A Brave New World?
The first module on the Hyperlinked Library MOOC provided a series of resources on The Hyperlinked Library Model & Participatory Service. Although I’ve not read all of the resources, skimming through a number of them I’ve noticed they tend to provide a very optimistic view of the future for the library in a heavily networked and connected environment. To give an example the concluding remarks from a number of the resources are given below:
- “These characteristics are just some of the facets of what I believe will make libraries truly innovative, useful and needed in the 21st century” – the final sentence on the article on The hyperlinked library.
- “The direction academic libraries take is up to us. It’s ours to figure out. So let’s not be satisfied by adding small features, but instead, let’s use our imaginations to dream big and create amazing experiences that transform our users.” – final paragraph in the article on “Facing The Future: Think Like A Startup” (PDF format).
- “cell phones, laptops, and the Web are rapidly becoming the best tools we have for staying connected to the people and ideas and activities that are important to us” – from the final paragraph of the article on Social Machines: Computing Means Connecting.
- “can make your imagination stir to life and water the garden where hope for something more might take root” – from the penultimate paragraph of the blog post on Finding the Future.
I also watched a video on “Library of the Future in Plain English”. As described in my first post in this series which seek to critique these seemingly uncritical views of the future for libraries in a highly connected digital environment role this video depicts a future which, from a UK perspective, seems to run counter to the ethos of public service and the trusted and neutral values which librarians have. Perhaps such values are no longer relevant or can be provided by for-profit companies which can stimulate innovation by exploiting new business models. But if this is the case, there needs to be an open and public debate about the nature of the changes which embracing technologies, and in particular social media technologies which are typically owned by global companies based in the US.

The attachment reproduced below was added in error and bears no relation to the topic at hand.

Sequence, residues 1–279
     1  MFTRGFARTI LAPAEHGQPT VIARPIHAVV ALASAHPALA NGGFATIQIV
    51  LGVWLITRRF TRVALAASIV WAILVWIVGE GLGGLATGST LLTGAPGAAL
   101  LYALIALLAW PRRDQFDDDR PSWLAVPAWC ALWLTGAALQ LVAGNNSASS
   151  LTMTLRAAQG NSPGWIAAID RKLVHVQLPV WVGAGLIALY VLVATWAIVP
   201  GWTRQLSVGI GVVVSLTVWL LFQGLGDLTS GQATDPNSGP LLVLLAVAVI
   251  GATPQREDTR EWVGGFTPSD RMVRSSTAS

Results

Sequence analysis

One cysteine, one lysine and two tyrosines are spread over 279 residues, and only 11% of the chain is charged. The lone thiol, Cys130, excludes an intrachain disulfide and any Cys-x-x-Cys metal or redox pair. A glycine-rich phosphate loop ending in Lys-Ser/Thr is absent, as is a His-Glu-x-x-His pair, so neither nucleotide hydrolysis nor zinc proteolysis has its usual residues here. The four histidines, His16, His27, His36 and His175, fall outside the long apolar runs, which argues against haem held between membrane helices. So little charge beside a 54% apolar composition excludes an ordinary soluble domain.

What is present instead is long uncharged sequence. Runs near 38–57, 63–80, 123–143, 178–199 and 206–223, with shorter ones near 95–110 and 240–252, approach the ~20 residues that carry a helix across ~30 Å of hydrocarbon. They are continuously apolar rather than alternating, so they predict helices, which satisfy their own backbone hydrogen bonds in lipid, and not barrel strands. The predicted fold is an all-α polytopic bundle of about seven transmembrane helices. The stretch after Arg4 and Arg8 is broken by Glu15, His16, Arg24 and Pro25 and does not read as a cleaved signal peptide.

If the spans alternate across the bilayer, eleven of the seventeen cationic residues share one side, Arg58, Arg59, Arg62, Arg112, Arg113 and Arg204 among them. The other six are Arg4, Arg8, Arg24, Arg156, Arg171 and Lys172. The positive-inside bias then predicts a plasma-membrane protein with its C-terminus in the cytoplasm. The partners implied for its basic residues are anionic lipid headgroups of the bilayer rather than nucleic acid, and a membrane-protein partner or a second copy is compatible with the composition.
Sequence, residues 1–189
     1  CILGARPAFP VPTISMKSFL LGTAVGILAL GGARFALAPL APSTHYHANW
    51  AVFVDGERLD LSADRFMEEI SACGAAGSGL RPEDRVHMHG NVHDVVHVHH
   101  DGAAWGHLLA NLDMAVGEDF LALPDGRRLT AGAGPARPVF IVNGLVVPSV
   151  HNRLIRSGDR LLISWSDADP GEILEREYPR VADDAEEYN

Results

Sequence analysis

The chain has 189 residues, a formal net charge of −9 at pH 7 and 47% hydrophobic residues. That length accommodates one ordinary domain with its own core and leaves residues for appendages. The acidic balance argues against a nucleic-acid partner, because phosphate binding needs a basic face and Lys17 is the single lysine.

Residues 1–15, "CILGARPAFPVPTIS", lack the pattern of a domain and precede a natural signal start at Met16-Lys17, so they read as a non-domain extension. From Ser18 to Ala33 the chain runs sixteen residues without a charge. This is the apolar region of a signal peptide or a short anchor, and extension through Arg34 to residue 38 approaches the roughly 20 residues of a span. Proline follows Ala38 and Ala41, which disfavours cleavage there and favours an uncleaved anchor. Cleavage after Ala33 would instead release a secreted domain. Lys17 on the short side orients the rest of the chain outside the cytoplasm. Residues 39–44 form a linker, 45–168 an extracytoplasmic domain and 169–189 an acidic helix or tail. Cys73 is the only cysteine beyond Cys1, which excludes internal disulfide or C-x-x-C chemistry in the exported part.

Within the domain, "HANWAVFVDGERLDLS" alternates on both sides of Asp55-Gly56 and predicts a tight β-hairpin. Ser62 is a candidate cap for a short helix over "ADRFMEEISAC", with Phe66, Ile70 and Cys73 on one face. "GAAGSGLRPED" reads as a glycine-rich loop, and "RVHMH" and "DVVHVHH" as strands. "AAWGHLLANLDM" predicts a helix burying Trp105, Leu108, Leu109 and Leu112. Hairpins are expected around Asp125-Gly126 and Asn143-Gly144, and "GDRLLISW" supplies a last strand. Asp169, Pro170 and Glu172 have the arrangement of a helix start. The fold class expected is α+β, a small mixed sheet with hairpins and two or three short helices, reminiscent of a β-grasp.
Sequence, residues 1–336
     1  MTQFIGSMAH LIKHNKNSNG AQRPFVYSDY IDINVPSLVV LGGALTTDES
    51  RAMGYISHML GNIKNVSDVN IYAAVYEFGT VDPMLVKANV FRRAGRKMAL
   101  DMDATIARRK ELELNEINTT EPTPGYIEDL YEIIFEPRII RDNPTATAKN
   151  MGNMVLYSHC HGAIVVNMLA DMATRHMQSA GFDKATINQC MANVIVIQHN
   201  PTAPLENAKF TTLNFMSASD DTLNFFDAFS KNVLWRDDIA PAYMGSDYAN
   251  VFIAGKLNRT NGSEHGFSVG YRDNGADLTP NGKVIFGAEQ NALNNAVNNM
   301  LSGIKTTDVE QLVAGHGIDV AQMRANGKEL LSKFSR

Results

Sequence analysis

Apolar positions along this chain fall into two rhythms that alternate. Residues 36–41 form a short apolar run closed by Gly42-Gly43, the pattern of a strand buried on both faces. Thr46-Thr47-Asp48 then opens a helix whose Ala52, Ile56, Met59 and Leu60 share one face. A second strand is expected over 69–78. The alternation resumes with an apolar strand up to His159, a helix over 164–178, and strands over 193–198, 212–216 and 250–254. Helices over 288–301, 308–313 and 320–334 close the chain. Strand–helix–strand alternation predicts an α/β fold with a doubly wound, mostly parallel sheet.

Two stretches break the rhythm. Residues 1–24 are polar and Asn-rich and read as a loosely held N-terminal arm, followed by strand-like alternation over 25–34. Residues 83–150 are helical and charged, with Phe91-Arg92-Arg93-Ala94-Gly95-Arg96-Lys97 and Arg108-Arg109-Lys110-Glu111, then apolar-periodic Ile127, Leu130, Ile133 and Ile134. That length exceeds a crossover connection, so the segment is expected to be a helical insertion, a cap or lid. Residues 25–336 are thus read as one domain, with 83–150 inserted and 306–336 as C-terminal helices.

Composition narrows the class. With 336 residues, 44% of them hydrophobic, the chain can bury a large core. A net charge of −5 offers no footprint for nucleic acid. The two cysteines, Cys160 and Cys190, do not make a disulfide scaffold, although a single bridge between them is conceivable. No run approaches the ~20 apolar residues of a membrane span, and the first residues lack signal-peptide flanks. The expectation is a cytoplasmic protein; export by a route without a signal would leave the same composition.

Library Services For The Self-Motivated Individuals and the Middle Classes?
But in addition to the issues related to the ownership of the social media services and the terms and conditions governing use of such services there is also a need to consider whether the emphasis of networked technologies will undermine the services libraries have traditionally provided for a broad set of communities.
Back in November 2010 I wrote a post entitled “Dazed and Confused After #CETIS10“. My dazed and confused feelings began during the opening plenary talk given by Anya Kamanetz which was based on her recent book on “DIY University Edupunks, Edupreneurs and the Coming Transformation of Higher Education“. As summarised by Christina Smart on the JISC E-Learning Focus blog:
Recent years have seen a drive towards higher participation rates in both the UK and US … but above 40% participation rates problems occur. Issues around massification, cost shifting (where governments push the costs onto students), and student loans are all at play. There is also the influence of Baumol’s disease, where disciplines like the performing arts, are unable to make efficiency savings by reducing teacher to student ratios.